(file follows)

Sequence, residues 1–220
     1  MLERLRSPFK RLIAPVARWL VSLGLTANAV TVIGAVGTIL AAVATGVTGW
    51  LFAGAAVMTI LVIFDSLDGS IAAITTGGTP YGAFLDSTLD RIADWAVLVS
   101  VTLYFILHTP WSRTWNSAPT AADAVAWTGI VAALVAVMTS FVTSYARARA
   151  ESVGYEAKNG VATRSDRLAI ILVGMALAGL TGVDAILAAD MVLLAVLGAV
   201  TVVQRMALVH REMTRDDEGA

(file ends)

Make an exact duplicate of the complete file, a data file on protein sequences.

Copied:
Sequence, residues 1–220
     1  MLERLRSPFK RLIAPVARWL VSLGLTANAV TVIGAVGTIL AAVATGVTGW
    51  LFAGAAVMTI LVIFDSLDGS IAAITTGGTP YGAFLDSTLD RIADWAVLVS
   101  VTLYFILHTP WSRTWNSAPT AADAVAWTGI VAALVAVMTS FVTSYARARA
   151  ESVGYEAKNG VATRSDRLAI ILVGMALAGL TGVDAILAAD MVLLAVLGAV
   201  TVVQRMALVH REMTRDDEGA